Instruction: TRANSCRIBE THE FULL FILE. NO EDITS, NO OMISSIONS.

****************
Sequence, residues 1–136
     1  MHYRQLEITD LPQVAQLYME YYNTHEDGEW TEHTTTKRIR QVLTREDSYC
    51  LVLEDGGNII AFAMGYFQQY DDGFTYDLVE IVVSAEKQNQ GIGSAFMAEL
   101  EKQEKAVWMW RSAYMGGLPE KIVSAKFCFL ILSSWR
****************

Sequence, residues 1–136
     1  MHYRQLEITD LPQVAQLYME YYNTHEDGEW TEHTTTKRIR QVLTREDSYC
    51  LVLEDGGNII AFAMGYFQQY DDGFTYDLVE IVVSAEKQNQ GIGSAFMAEL
   101  EKQEKAVWMW RSAYMGGLPE KIVSAKFCFL ILSSWR